• Any material facts: This includes whether the property is prone to bushfire, flooding, health risks such as lead paint or asbestos on the premises and any violent crimes that may have occurred.

Your marketing must not state or imply that you wish to exclude possible tenants (either directly or indirectly) because of their: Race, sex, pregnancy, disability, sexuality, sexual preference, or age.

2. Copywriting
Good copywriting is an art. Using words to describe a property that are accurate and enticing is not easy. Tenants are looking for lifestyle, so start by converting the physical features of the property into word pictures that have feeling.

  • ‘Glorious, light-filled rooms’
  • ‘Sparkling kitchen and bathrooms’
  • ‘Beautifully-proportioned bedrooms’
  • ‘Outdoor area perfect for entertaining’

The challenge is not to sound repetitive or dull.

It’s a balancing act of giving the necessary information without going over the top or being misleading. Nothing is more upsetting to potential tenants than taking the time to inspect a property and then being disappointed by inaccuracies in the marketing. If you advertise harbour views or glimpses, make sure they are easily viewed or glimpsed.

3. Photography
A picture paints a thousand words, so what are your photos saying about your property?

Photography is playing a larger role in real estate rentals. Have a quick look at some property websites to see what you’re up against. Start with the Sales sections – you’ll quickly see that professional-looking photos make a property look amazing. Then look through the rentals.

Many tenants don’t even read the description; they judge the property from the images. How do you want your property to appear on a big screen?

The limitation on a typical digital camera is the focal length of the lens. A wide angle lens will let you fit more of the scene into the frame. This is critical with internal photography, as you are often limited with space to manoeuvre.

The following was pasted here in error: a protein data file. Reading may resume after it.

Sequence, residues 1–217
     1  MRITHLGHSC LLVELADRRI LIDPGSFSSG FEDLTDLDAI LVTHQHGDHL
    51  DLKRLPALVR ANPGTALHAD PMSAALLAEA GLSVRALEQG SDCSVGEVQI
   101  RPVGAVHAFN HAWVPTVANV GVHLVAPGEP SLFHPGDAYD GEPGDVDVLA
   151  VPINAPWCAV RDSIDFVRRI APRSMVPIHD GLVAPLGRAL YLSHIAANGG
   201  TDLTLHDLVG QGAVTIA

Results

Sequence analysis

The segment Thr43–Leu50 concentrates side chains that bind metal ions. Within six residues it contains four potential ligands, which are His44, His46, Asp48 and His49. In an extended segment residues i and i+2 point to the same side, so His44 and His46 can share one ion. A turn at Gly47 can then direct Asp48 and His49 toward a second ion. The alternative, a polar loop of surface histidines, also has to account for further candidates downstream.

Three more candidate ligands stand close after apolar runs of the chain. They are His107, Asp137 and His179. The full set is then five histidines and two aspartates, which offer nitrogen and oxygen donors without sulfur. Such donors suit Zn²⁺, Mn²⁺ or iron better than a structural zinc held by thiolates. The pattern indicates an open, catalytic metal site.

Good, professional looking photos make a significant impact on the success of your marketing.

For tips on taking excellent real estate photography see our previous blog “7 Tips For Great Real Estate Photography”.

4. Floorplan
Floorplans have been used in selling real estate for many years. From a rental perspective, a floorplan is an easy way to differentiate your property from the competition and provides a very effective memory jogger for potential tenants of how the property flows.

They are a useful tool that tenants can take home to imagine and plan the placement of furniture. By doing this, the tenant starts the process of mentally moving into the property.

5. Advertising
Once you have your marketing materials in place, the next decision is how you will advertise your property.

The Internet has become the place to look for rental property, now well surpassing print media publications. The largest two Australian websites are realestate.com.au and domain.com.au. These two represent the bulk of property in Australia, both in sales and rentals, and are the first places that tenants look. These two websites have convenient smart phone applications that are used by the majority of those routinely looking for a rental.

The first few weeks of marketing is vital and every week your investment is vacant counts as lost rent. By following the right steps you can rest assured knowing you will have the right tenant in no time.

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Copyright © 2018, www.propertyquarters.com.au

Landlord Insurance- Manage Your Risk


Proof of Identity checklist image

Landlord insurance is your investment property safety net and should be considered a ‘must have’.

It will protect you, your family and your property from potential financial difficulties, thereby lowering your investment risk.